Can you see that project 1’s Payback Period is 3.6 years because the Cumulative Cash flow turned from negative to positive after year three but before the end of year four? Can you see that project 2’s Payback Period is 2.625 years because the Cumulative Cash flow turned from negative to positive after year two but before the end of year three? Where did the 0.6 and 0.625 come from for project 1 and 2 respectively? Let’s take project 1: We can see that Cumulative Cash Flow went from negative to positive after three years and before the end of four years, so we calculate as follows: PB = 3 years + fraction of the year PB = 3 years + final negative amount in year 3/cash flow from the following year PB = 3 years + 30,000/50,000 … ignore the minus sign PB = 3 years + 0.6 PB = 3.6 years Before you read on, make sure you understand and agree with that. For project 2: PB = 2 years + fraction of the year PB = 2 years + final negative amount for year 2/cash flow from the following year PB = 2 years + 25,000/40,000 … ignore the minus sign PB = 2 years + 0.625 PB = 2.625 years Didn’t I say the Payback Period calculation is not as easy as it is to understand the result! The Final Hurdle: my Excel formula Many years ago, I set up a template spreadsheet for all of my capital budgeting work and as part of that I programmed the Payback period. I then set my students/delegates the task of programming the Payback too. To be fair to my delegates, we don’t always have a lot of time to do these things but no one has managed to program the Payback Period formula perfectly … yet. Here is a screen shot of my template and then I will show you the Payback Perod formula itself! =IF(AND(G18<0,G19>0),E18+(-G18/F19),””) … basic logic and no more, I think! it even demonstrates that the Pyback Period has not been reached if cumulative cash flows are less than the initial cost: it does so my remaining silent. That is, if the project does not pay back, the entire PB Period column remains empty. I entered this formula in the first cell of the PB Period column, to the right of the Cumulative Cash Flow Column. The reason for this is that no matter what the Payback Period, the value of it will appear in the logical place for it in the PB Period Column and not elsewhere where it might be far removed from where I think it ought to be. Download my Excel file cap_inv_app_excelmaster and try this for yourself: I have added a third project and made an allowance for a residual value (set to zero for all projects here). This is a template and barring any errors, you should be able to change any value and the template will give you your results. For every method I have set up a decision table and then on a summary worksheet I have put all decisions into one table. Your feedback is welcomed and appreciated. Duncan Williamson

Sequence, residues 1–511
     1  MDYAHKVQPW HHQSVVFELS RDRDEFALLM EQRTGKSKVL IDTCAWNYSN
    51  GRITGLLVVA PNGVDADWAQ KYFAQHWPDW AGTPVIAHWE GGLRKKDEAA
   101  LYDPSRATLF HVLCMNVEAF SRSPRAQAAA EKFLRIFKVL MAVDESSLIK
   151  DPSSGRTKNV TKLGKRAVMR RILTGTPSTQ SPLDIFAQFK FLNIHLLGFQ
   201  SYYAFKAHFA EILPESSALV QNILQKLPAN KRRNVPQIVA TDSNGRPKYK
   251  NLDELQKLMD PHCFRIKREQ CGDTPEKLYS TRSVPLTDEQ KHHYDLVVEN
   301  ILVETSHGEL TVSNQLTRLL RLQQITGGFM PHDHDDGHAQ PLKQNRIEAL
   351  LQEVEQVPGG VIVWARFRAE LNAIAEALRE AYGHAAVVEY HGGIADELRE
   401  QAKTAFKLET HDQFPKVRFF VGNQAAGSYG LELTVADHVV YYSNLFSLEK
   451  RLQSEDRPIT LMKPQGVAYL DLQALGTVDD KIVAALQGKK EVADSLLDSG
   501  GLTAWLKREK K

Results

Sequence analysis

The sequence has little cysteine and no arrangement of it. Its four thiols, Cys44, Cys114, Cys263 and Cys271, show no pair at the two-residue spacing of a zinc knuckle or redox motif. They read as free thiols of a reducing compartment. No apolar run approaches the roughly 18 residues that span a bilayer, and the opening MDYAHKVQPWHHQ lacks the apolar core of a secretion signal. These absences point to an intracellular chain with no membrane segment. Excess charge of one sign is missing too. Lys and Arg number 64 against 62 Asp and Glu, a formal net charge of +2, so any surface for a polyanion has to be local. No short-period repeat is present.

29 11 2016 at 11:03 am
Amazing, these formulas really got the calculations for me.
18 07 2017 at 12:33 am
Nice work
18 07 2017 at 12:34 am
Please, if you have the formula of modified internal rate of return without using Excel function.
18 09 2017 at 8:47 am
With apologies for the delay in replyingg Manuel, here is the formula from investopedia:
What is ‘Modified Internal Rate Of Return – MIRR’
Modified internal rate of return (MIRR) assumes that positive cash flows are reinvested at the firm’s cost of capital, and the initial outlays are financed at the firm’s financing cost. By contrast, the traditional internal rate of return (IRR) assumes the cash flows from a project are reinvested at the IRR. The MIRR more accurately reflects the cost and profitability of a project.
Read more: Modified Internal Rate Of Return (MIRR) http://www.investopedia.com/terms/m/mirr.asp#ixzz4szbdbHlY